Question 15.

Calculate the total pressure in a 10 L cylinder which contains 0.4 g of helium, 1.6 g of oxygen and 1.4 g of nitrogen at 27 °C. Also calculate the partial pressure of helium gas in the cylinder. Assume ideal behaviour for gases.

Ans:

Total number of moles = \(\frac{0.4}{4}+\frac{1.6}{32}+\frac{1.4}{28}\) = 0.1 + 0.05 + 0.05 =0.2 moles.

pV = nRT

p × 10 L = 0.2 × 0.082 × 300 ⇒ p = \(\frac{24.6 \times 0.2}{10}\)

p = 0.492 atm

P_{He} = \(\frac{0.1}{0.2}\) × 0.492 = 0.246 atm

Question 16.

Calculate the number of moles of hydrogen (H_{2}) present in a 500 cm^{3} sample of hydrogen gas at a pressure of 760 mm Hg and 27 °C.

Answer:

PV = nRT, P = 1 atm, V = 500 cm^{3}, n = ?, R = 82.1 atm cm^{3}K^{-1}mol^{-1}, T = 300 K.

Question 17.

34.05 ml of phosphorus vapour weighs 0.0625 g at 0.1 bar pressure. What is the molar mass of phosphorus?

Answer:

pV = nRT

Question 18.

In terms of Charle’s law explain why -273 °C is the lowest possible temperature.

Answer:

Charles Law plotted graphically with volume against temperature in °C. These plots when extended intersect the temperature axis at the same point -273 °C. Charles concluded that all gases at this temperature could have zero volume and below this temperature volume would be negative. It shows -273 °C is lowest temperature attainable.

Question 19.

(i) Why is Boyle’s law is obeyed by N_{2},O_{2} or CO_{2} only at low pressure and high temperature?

(ii) Compare the rate of diffusion of HCl and NH_{3}. (Atomic masses of H = 1u, Cl = 35.5 u, N = 14u)

Answer:

(i) It is because at low pressure and high temperature these gases follow ideal gas behavior due to negligible force of attraction and volume occupied by gas molecules can be ignored.

(ii)

Question 20.

Arrange solid, liquid and gas in order of energy giving reasons.

Answer:

Solid<liquid

Question 21.

The Van der Waal’s constants for two gases are as follows:-

Which of them is more easily liquefiable and which has greater molecular size?

Answer:

Greater the value of ‘a’, more easily the gas is liquefiable. Similarly, greater the value of V, greater is the molecular size. Hence, gas Y will be more easily liquefiable and will have greater molecular size.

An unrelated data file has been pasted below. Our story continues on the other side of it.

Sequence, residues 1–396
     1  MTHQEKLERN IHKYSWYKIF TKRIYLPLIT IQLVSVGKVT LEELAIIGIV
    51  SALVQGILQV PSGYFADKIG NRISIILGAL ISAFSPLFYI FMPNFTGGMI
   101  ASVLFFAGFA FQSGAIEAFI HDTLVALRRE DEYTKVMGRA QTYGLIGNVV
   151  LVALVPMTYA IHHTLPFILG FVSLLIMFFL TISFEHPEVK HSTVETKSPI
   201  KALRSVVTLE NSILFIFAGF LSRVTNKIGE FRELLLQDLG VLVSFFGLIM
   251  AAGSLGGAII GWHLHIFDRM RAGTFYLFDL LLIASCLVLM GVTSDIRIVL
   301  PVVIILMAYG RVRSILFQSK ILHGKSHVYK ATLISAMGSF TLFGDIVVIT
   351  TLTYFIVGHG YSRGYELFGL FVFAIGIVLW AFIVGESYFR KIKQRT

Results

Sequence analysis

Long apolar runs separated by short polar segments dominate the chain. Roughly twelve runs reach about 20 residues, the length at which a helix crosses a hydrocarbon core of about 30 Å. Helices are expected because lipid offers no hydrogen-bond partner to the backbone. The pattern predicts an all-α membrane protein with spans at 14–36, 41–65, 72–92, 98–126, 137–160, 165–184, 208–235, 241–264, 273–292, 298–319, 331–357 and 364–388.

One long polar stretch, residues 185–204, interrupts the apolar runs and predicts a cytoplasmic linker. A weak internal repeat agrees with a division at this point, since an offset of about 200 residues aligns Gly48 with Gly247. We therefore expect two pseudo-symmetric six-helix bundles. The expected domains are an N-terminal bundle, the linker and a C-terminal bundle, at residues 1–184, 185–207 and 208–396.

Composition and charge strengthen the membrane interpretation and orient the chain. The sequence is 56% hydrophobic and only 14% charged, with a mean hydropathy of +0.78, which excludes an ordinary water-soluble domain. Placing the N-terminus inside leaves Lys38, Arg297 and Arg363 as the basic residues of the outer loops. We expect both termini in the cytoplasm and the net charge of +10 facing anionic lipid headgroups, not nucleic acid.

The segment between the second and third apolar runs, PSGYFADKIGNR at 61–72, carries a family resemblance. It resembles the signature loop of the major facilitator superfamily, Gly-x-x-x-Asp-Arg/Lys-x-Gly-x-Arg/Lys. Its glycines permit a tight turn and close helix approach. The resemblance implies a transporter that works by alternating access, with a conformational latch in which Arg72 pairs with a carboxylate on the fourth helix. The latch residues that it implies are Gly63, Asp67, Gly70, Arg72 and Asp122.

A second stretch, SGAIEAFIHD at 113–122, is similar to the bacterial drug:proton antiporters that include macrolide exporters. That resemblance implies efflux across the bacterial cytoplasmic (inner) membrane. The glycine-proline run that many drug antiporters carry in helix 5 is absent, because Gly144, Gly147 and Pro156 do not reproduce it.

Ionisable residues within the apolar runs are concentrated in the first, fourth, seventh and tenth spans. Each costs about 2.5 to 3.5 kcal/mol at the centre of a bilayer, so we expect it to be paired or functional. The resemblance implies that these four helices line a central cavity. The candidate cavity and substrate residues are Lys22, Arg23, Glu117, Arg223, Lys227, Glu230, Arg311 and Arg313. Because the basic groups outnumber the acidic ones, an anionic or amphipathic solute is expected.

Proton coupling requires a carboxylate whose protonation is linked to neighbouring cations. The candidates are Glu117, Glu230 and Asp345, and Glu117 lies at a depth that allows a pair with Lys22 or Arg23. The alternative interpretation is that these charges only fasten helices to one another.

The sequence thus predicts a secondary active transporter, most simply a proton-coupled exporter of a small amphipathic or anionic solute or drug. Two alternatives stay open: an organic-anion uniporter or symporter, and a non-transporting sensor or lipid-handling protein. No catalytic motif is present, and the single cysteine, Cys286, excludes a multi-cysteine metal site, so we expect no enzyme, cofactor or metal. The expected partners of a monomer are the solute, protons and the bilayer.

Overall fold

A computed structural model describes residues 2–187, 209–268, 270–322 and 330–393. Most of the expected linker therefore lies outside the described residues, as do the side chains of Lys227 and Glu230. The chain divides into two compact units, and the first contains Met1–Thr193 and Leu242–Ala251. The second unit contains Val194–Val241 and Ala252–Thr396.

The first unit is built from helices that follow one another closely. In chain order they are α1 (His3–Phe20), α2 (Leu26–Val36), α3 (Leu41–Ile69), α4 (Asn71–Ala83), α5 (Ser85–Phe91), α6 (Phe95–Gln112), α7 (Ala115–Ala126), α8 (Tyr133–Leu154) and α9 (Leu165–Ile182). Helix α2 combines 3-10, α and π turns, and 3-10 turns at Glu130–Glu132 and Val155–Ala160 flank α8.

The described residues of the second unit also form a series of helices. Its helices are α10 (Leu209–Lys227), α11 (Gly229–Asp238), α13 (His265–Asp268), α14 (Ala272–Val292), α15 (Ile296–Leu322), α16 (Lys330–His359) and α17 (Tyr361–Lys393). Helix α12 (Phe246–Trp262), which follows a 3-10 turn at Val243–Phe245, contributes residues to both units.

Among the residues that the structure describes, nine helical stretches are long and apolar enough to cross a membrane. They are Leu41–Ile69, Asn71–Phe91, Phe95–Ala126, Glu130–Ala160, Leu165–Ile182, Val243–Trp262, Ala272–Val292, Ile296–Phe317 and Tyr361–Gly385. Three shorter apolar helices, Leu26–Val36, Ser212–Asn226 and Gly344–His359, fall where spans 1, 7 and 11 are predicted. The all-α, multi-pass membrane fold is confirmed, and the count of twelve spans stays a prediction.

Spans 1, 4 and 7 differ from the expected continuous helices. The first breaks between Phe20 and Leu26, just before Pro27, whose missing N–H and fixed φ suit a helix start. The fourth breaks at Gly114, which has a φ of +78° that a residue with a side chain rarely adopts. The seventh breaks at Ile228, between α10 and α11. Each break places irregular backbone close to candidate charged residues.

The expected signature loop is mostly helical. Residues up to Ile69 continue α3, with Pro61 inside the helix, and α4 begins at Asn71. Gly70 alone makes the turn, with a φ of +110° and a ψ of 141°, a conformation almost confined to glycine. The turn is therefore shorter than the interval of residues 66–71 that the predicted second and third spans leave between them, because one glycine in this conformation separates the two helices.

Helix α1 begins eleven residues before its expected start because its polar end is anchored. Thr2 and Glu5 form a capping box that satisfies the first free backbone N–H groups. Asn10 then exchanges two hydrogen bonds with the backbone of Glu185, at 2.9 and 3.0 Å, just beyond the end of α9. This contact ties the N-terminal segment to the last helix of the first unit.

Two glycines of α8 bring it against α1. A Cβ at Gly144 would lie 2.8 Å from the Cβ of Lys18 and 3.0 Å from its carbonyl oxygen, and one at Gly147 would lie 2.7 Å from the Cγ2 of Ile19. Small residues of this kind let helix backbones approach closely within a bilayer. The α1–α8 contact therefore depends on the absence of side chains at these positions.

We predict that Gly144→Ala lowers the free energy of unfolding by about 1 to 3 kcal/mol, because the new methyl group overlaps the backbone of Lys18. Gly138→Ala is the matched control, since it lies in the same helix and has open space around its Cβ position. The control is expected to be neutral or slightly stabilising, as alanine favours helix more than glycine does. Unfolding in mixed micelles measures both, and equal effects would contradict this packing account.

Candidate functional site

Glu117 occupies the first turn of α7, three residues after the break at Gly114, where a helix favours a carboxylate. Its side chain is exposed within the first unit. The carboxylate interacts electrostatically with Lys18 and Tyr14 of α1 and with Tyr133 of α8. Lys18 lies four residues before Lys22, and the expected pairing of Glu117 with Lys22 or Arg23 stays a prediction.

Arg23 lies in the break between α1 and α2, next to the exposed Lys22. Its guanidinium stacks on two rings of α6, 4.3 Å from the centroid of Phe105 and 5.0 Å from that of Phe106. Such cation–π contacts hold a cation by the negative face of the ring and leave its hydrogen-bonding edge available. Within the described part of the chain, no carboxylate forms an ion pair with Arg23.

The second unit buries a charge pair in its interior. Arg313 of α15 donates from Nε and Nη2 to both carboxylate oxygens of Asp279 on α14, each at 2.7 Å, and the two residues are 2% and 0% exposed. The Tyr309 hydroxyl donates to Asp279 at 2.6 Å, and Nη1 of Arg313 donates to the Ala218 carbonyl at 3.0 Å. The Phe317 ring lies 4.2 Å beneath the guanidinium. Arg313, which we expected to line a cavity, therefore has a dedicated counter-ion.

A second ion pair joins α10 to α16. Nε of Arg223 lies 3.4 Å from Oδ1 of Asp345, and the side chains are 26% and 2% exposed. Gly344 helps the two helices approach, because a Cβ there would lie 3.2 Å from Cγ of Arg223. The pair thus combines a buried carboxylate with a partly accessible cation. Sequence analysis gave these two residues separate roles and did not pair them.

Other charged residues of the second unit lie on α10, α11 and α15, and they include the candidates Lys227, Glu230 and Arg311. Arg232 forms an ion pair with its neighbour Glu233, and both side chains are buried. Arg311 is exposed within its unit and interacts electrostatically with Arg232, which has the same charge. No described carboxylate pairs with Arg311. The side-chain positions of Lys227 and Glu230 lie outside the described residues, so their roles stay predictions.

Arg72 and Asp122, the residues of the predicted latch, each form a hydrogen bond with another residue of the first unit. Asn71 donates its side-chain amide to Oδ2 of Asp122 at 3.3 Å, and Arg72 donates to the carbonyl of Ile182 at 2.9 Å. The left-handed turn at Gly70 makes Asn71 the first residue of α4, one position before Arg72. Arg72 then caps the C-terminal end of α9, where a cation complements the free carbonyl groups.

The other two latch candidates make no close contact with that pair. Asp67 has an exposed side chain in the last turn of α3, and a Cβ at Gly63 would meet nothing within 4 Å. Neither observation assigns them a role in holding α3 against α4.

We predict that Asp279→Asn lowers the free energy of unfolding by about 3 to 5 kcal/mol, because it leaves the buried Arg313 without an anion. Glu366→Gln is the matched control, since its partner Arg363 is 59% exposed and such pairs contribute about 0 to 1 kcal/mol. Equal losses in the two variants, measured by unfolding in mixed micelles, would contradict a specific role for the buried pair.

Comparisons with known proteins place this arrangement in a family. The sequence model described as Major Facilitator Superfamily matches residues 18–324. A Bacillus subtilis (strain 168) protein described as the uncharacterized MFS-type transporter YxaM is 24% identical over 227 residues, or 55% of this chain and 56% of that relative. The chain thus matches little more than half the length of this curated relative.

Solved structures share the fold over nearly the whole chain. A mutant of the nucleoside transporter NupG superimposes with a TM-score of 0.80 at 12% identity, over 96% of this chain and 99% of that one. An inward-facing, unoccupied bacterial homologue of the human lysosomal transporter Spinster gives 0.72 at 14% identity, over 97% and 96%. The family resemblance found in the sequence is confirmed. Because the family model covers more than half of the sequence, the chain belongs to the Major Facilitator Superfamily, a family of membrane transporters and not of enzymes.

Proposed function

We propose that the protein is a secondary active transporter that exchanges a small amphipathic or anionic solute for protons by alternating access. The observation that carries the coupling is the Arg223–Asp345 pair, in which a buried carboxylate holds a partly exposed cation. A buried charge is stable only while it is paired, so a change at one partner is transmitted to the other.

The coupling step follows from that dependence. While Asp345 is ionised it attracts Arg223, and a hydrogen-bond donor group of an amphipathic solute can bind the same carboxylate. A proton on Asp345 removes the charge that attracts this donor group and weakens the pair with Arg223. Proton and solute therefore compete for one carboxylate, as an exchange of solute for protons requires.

Question 22.

Compare the rates of diffusion of ^{235}UF_{6} and ^{238}UF_{6}

Answer:

Molecular mass of ^{235}UF_{6} = 235 + 6 × 19 = 349

Molecular mass of ^{238}UF_{6} = 238 + 6 × 19 = 352

Question 23.

At a certain altitude, the density of air is 1/10 th of the density of the earth’s atmosphere and temperature is -10 °C. What is the pressure at that altitude? Assume that air behaves like an ideal gas, has uniform composition and is at STP at the earth’s surface.

Answer:

Question 24.

What is the ratio of average kinetic energy of oxygen molecules to that of ozone molecules at 27 °C?

Answer:

Average kinetic energy of any gas depends only on temperature and not upon the nature of the gas. Hence, both the gases will have same average kinetic energy at 27 °C, ie., the ratio will be 1: 1.

Question 25.

What is the difference between total kinetic energy and translational kinetic energy? For what type of molecules, the two are equal?

Answer:

Total kinetic energy is the sum of translational, vibrational and rotational kinetic energies. The total kinetic energy is equal to the translational kinetic energy for monoatomic gases (He, Ne, etc.,) as they do not possess vibrational and rotational motion but have only translation motion.